As the name of the space alludes, Important Projects is showing just that. Now, how is one to denote what is truly important or not? For the sake of “art reviews” as such, let us just say that it means that the exhibitions in the space have something to say, and that what they are saying is important. Meaning, something said here is worth knowing about because of the greater issues that may be at play, such as existential crisis, capitalistic whoring, social conundrums or perhaps political anarchy. Then again, perhaps it is the lack of obvious monikers that makes the issues more blatant. Cues hint at ideas, while even subtler clues reference, yet there are no big visual statements here. The press releases are poetic artworks in and of themselves, conceptual language fragments that enhance, but in no way explain the visual narratives on display. Both artists’ work taps into a current aesthetic that is fascinated by all that is deplorable about abject consumerism and using it to gain access to the phenomenology of blatant kitsch and a sense of the real world all at the same time.
MacKenzie Katter’s exhibition, “The Vocalist” is in the larger of the two small galleries. The appropriation of a Dole pineapple advertisement is an all-encompassing metaphor for everything from bad 1980s tropical theme romcoms, to Miami Vice to childhood fruit-cups to the demise of seasonal eating in favor of access to imported and exotic fruits all year long. A film of the sunset is not quite as beautiful as television would allow because the real version before us is clambering with people and industry in the foreground. A smaller canvas nearby appears to be a replica of cheap stucco—the business trip to Cancun (or Santa Monica or Hawaii) is not at all as exotic.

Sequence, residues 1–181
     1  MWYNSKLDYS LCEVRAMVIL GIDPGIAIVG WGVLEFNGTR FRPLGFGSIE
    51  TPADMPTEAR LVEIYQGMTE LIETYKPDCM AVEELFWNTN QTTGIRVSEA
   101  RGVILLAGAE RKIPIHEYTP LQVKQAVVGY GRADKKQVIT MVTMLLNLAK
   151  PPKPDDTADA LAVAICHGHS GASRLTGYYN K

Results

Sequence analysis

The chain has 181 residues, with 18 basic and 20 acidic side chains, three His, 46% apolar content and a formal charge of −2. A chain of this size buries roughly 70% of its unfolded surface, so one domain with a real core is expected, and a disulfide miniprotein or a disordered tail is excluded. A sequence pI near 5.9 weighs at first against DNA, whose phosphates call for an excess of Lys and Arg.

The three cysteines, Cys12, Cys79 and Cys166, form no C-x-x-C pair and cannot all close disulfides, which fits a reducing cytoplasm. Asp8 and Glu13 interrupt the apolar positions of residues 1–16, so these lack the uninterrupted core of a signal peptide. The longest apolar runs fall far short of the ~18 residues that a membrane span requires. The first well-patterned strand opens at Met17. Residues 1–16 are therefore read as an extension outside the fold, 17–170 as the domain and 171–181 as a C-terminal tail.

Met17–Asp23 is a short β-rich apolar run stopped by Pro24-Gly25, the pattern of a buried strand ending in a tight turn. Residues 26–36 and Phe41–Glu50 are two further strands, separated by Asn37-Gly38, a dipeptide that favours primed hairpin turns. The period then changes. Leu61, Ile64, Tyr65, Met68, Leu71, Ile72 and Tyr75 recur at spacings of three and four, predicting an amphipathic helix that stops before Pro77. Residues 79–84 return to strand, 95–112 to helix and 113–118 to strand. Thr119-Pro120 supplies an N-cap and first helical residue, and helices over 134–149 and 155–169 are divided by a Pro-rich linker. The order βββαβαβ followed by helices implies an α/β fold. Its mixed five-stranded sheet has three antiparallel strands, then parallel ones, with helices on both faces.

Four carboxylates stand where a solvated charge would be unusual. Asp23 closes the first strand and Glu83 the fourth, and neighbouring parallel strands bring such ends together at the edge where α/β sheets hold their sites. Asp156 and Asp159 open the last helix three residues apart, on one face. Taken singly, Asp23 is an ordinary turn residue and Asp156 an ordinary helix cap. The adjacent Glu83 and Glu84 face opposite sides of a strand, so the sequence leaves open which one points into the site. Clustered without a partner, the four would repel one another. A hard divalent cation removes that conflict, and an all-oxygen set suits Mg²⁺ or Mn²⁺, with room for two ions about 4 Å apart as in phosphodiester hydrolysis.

Valerie Keane’s “Spells to Protect Against Unkind” is in the tiny gallery. Proto-magical wind chimes lean against the wall. Dysfunctional here, they are denied the movement they would gain outside in the wind and act as ritualistic markers for gaining pause in the vestiges of post-modernity. Prompted by a quote from Franco Berardi’s “After the Future”, the work is emblematic of the strife for comfort in the wake of more stated times, when eras were questioned and for which since then, the sense of loss and displacement for what to call the era we are in now is most evident.
For more information visit Important Projects, Oakland.